Alwaght- Myanmarese regime reportedly evicted from police housing the family of a policeman who has testified at court how police planted secret documents on Reuters reporters to “entrap” them, who were covering state-sponsored violence against minority Rohingya Muslims.
Police Captain Moe Yan Naing on Friday testified that Reuters reporters Wa Lone, 32, and Kyaw Soe Oo, 28, had been set up by police officials, who wanted them incriminated over their coverage of a massacre of Rohingya Muslims.
On Saturday, Captain Moe’s family was evicted from police housing in the capital, Naypyitaw, in what appears to be retribution for the officer’s testimony.
“I got a phone call at 7 a.m. A police second lieutenant who I’m familiar with said, ‘Sister, you need to move out from the quarters,’” Moe Yan Naing’s unemployed wife, Tu Tu, 42, told local media group the Irrawaddy.
“He said, ‘You need to move out immediately.’ I said ‘is that so?’ and I become speechless. I didn’t know what to say,” she said in a video clip carried on the Irrawaddy’s Facebook page. “We are staff family. We don’t have a house yet. Where am I supposed to move with all these items?”
Tu, her two daughters, and one son, have now taken temporary shelter at the house of the policeman’s brother.
In his court testimony, Moe gave details of how the police had arranged a “set up to entrap” the reporters who were covering a massacre of 10 Rohingya men, who were summarily executed by government soldiers in Inn Dinn Village in western Myanmar on September 2, 2017.
The journalists themselves had said in a news conference late last year that police had framed them by giving them “two rolled papers” at a restaurant and immediately arresting them afterwards. The papers were top-secret government documents.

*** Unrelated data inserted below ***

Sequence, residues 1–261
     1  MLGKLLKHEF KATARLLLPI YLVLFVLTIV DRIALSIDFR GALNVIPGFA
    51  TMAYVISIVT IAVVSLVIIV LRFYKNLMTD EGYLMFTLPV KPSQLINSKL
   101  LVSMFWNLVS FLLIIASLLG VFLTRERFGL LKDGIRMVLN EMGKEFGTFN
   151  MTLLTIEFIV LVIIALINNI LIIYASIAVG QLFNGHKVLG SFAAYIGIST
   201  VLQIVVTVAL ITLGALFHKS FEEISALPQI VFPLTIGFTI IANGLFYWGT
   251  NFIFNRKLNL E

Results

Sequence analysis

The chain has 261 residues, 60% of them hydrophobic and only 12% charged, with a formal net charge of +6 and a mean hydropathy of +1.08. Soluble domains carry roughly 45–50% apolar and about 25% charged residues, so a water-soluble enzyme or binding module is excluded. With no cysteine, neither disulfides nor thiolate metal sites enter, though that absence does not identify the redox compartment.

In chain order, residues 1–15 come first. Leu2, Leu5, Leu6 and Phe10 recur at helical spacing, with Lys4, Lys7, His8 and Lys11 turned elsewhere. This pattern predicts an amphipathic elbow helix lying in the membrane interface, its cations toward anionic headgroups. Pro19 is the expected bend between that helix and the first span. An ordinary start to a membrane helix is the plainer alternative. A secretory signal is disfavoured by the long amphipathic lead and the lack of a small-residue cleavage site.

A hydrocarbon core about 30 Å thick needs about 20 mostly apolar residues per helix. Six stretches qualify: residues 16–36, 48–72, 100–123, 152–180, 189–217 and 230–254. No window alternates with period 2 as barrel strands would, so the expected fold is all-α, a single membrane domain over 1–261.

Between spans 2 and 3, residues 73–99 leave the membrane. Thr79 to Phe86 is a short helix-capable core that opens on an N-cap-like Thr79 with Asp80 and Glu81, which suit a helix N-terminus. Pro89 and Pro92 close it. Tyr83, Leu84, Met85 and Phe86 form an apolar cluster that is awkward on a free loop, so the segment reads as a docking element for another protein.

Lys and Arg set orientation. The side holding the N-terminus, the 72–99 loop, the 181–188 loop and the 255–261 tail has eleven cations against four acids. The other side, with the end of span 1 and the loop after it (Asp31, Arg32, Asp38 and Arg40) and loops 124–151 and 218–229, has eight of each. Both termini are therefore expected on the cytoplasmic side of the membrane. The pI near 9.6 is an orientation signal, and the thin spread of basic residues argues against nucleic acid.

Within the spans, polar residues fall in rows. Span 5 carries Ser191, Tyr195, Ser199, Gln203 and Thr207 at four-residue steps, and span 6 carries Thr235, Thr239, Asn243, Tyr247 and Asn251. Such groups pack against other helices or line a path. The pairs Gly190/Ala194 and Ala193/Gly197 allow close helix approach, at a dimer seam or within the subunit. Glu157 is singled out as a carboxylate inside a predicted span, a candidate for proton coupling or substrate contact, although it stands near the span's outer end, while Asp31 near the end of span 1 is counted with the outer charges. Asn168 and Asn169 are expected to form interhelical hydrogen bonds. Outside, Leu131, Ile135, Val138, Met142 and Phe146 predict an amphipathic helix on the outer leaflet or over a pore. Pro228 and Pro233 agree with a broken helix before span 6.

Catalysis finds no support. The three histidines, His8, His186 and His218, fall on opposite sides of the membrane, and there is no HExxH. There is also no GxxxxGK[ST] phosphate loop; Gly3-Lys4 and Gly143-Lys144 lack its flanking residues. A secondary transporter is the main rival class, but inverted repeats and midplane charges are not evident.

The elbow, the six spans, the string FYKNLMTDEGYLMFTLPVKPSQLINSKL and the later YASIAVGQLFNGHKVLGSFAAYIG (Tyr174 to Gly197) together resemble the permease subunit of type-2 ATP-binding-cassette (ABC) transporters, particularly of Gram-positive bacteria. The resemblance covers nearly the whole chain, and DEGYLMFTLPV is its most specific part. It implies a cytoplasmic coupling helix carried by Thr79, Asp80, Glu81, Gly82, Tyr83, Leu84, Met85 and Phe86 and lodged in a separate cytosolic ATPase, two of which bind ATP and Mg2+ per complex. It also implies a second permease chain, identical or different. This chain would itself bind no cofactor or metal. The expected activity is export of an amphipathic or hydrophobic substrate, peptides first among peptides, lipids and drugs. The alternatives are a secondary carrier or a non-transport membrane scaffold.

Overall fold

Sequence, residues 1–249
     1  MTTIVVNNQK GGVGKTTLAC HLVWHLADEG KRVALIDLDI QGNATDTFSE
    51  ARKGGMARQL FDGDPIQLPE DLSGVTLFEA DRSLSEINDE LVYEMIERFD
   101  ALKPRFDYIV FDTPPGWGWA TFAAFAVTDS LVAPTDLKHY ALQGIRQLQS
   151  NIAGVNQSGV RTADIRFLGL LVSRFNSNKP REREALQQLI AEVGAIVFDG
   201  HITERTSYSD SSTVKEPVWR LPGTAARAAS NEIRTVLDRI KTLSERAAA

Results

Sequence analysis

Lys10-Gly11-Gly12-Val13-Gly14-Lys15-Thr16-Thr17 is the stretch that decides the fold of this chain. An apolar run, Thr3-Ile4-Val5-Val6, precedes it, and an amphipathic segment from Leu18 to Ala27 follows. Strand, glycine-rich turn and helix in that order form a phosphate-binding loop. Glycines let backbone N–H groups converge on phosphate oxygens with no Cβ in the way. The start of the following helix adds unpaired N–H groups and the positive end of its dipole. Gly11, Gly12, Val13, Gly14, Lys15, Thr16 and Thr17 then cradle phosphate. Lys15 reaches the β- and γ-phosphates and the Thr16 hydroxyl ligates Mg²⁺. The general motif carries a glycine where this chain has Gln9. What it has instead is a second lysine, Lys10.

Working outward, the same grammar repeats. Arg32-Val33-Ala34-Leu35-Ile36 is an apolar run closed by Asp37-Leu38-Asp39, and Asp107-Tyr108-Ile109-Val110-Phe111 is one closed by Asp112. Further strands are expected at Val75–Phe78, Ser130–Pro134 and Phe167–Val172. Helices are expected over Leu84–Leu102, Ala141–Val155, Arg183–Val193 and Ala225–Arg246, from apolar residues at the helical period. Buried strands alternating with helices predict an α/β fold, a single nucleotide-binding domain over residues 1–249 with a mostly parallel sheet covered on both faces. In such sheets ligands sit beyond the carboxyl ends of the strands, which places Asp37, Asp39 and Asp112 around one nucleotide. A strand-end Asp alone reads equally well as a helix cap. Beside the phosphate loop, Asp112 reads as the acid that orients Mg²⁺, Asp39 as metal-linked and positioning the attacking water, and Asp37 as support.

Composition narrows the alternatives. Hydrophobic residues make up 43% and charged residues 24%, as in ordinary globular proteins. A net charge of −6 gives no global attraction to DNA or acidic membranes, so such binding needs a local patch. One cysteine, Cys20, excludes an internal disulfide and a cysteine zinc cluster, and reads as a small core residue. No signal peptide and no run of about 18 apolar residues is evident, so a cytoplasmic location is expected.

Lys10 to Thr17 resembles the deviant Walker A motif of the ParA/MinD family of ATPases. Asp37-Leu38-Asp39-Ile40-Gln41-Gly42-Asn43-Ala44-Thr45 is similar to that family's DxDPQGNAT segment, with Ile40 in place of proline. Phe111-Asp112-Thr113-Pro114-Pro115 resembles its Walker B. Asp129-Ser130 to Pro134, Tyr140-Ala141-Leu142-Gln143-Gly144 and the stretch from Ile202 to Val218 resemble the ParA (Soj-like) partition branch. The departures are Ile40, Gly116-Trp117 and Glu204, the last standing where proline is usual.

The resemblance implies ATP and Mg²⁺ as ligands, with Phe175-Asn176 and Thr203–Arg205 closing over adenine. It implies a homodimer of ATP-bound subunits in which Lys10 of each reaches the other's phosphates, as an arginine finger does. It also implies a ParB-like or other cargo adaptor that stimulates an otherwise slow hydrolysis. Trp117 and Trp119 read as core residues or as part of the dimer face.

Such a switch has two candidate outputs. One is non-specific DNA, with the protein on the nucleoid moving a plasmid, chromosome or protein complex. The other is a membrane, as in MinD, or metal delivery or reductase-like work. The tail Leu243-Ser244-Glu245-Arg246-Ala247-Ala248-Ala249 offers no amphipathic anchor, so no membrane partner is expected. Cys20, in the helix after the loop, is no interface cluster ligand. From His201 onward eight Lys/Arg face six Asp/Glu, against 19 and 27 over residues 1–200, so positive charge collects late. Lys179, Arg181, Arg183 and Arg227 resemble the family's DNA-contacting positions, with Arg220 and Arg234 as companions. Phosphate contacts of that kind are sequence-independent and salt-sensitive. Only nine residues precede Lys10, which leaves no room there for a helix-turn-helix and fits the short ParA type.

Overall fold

The Inn Dinn Village massacre was only one instance of violence taking place on a massive scale against the Rohingya Muslim minority in Myanmar’s western Rakhine State.
The military has blockaded the state since late 2016.
In the absence of the media, thousands of Muslims were killed, wounded, or raped, and their houses and villages were torched, according to witness accounts by the hundreds of thousands of the Muslims who have managed to flee to neighboring Bangladesh.
There, international medics have said examinations on the displaced Rohingya verify their accounts of violence, including rape.
Backed by regime, the Myanmarese military and Buddhist extremists launched a heavy-handed crackdown against the Muslim minority in Rakhine State in late 2016. That campaign intensified in August 2017.
Myanmarese troops have been committing killings, making arbitrary arrests, and carrying out arson attacks in Muslim villages in Rakhine.
About 700,000 Rohingya Muslims have fled the western state to Bangladesh since last August.
Before the campaign of violence, which killed many and drove almost all of the other Muslims out, the Rohingya had lived in Myanmar for generations but were denied citizenship and branded illegal immigrants from Bangladesh, hence the word “Bengalis.”
The UN has described the Muslim community as the most persecuted minority in the world.